This was my Japanese-American (emigrated here in the 1970s from Tokyo) taxi driver who took me to the airport. I don’t have anything clever to say about his story, but I loved it so much. One more cup of coffee, if that’s what it’s going to be.
The other extremely useful thing about being out here was talking to local journalists. It’s easy to dismiss local journalism — a lot of it is pretty bad, and the consolidation of news sources has made a lot of it less “local” than it used to be. But the ones I met here knew a hell of a lot more about this story than most of the national news sources I read. Eliza Larson, of KITV, was part of the conference the entire time, and her knowledge and perspective were crucial. We also visited the office of Honolulu Civil Beat, and they were also great. (And one of them, not knowing my relation to it, described the NUKEMAP as an “authoritative tool” that they found very useful, which of course I delighted in.)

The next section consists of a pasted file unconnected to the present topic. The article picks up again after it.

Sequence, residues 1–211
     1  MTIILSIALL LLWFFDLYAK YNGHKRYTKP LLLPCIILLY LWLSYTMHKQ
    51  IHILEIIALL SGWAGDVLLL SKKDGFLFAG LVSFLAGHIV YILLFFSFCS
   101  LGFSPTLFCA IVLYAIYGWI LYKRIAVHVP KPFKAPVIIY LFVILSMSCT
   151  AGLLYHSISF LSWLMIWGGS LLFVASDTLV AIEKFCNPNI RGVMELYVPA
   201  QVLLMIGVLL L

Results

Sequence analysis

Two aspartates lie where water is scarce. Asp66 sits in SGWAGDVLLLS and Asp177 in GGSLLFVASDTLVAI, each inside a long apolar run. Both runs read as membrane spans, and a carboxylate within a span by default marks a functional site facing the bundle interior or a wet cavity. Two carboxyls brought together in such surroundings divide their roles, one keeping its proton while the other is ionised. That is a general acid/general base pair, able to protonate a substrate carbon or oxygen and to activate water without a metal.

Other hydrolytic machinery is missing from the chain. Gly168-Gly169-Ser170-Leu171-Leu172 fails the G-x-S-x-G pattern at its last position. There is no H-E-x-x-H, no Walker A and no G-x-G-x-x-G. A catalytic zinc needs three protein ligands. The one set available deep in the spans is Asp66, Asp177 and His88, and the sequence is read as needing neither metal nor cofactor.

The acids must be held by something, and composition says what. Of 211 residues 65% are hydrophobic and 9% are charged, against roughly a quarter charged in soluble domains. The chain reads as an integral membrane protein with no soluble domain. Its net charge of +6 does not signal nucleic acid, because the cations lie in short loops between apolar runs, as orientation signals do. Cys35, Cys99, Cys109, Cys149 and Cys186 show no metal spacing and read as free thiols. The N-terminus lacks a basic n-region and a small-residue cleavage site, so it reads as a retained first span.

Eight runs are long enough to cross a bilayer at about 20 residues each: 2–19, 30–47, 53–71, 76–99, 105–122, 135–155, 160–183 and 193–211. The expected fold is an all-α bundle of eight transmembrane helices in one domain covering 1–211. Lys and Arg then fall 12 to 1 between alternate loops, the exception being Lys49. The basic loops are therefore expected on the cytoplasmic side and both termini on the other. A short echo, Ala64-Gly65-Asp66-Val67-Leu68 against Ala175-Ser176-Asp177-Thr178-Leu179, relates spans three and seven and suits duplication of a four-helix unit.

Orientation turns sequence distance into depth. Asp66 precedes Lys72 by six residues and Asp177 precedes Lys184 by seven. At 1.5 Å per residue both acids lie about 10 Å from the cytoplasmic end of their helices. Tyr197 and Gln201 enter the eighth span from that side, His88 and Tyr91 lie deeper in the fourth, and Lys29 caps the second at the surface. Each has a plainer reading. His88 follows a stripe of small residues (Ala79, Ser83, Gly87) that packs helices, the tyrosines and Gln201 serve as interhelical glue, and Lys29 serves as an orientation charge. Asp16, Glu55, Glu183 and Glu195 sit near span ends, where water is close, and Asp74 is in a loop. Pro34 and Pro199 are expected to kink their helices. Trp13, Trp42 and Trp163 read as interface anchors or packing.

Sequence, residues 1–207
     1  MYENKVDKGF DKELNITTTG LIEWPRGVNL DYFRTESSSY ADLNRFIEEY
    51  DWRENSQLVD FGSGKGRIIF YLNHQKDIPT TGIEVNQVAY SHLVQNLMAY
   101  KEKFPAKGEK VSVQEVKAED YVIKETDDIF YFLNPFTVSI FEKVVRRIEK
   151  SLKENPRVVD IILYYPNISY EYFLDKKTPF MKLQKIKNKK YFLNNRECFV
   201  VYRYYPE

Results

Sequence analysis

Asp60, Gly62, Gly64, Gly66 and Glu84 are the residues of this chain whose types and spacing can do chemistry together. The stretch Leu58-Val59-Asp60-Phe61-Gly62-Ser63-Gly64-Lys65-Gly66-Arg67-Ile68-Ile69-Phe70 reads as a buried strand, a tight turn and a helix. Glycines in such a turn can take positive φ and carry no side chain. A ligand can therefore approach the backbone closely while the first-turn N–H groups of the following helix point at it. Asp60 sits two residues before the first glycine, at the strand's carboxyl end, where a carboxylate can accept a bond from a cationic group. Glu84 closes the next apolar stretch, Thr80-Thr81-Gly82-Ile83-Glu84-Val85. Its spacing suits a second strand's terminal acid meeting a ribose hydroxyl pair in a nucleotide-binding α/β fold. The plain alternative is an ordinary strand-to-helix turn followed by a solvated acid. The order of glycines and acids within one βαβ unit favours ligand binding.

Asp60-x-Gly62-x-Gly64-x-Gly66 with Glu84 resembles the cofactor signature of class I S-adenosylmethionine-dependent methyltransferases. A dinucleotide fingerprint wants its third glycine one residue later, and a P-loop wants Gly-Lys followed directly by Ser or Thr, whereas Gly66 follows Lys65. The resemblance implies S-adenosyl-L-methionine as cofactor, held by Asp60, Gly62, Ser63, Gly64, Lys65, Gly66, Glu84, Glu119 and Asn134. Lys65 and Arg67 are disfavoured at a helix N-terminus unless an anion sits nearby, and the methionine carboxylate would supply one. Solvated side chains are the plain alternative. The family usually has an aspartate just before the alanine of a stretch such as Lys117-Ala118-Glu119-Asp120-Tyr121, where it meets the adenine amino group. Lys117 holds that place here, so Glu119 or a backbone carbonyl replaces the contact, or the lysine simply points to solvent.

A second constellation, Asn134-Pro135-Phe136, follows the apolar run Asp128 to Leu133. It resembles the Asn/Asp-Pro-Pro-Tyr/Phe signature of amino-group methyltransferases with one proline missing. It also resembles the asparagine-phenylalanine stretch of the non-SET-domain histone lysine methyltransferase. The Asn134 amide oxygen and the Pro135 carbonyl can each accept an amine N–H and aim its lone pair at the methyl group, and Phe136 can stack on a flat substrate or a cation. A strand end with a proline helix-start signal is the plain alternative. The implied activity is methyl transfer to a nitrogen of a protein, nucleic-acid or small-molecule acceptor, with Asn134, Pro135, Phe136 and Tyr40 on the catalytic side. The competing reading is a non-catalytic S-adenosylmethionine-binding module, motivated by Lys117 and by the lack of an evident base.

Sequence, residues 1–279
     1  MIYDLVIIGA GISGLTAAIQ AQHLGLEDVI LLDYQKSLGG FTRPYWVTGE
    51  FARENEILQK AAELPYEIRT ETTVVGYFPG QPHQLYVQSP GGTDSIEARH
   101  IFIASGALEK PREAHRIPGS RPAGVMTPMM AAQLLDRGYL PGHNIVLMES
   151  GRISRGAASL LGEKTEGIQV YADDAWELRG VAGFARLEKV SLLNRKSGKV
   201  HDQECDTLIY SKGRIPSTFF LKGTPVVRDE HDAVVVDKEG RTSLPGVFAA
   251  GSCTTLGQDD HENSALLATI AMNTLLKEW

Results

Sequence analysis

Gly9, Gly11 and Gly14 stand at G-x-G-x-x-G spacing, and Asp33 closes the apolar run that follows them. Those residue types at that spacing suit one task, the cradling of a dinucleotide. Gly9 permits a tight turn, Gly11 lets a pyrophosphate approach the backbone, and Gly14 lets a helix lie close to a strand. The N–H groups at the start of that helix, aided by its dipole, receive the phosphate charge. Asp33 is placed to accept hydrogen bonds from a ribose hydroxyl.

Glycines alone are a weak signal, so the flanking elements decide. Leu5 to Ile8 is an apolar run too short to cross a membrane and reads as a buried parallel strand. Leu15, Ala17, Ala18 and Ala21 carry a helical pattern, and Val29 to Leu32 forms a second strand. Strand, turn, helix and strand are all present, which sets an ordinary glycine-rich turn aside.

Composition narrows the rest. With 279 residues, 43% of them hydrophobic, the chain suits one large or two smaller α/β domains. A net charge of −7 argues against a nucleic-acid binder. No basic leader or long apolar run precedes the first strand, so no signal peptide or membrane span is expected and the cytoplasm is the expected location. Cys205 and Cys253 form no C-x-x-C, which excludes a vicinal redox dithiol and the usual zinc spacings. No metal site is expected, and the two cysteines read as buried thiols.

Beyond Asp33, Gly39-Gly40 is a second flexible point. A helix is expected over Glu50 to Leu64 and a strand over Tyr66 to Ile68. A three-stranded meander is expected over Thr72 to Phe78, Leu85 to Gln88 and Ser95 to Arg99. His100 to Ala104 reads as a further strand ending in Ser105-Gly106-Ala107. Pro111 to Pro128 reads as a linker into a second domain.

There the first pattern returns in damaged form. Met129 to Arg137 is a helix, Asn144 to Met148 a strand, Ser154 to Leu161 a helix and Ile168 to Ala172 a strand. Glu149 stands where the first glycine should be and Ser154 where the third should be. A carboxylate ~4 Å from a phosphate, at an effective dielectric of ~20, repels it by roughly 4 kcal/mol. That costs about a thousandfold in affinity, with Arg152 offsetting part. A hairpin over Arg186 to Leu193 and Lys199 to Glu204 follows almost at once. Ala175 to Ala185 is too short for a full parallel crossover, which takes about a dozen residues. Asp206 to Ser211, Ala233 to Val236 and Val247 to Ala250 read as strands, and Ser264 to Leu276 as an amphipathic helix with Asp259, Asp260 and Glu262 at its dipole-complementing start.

One thing that emerged for me is that the narrative of “what went wrong” is still not quite known. The first draft of the story, which most people believe, is that an employee clicked the wrong button on the alert website. This is absurd enough to be believable, and the “lesson” of it is clear: user interfaces matter, a conclusion that resonated very strongly with the “human factors engineering” analysis that became very popular following its application in the post-mortem of the Three Mile Island accident.
But that turns out not to be what happened, as emerged later. Two different versions have been put out. The “button pusher,” we’ll call him, later told journalists that he, in fact, had not done it accidentally, but that he had been told it was real and he believed it was real. Which turns it into a very different sort story: one about miscommunication, human error, and a system problem that makes it very easy for an alert to be sent (by a single person), but not to be rescinded.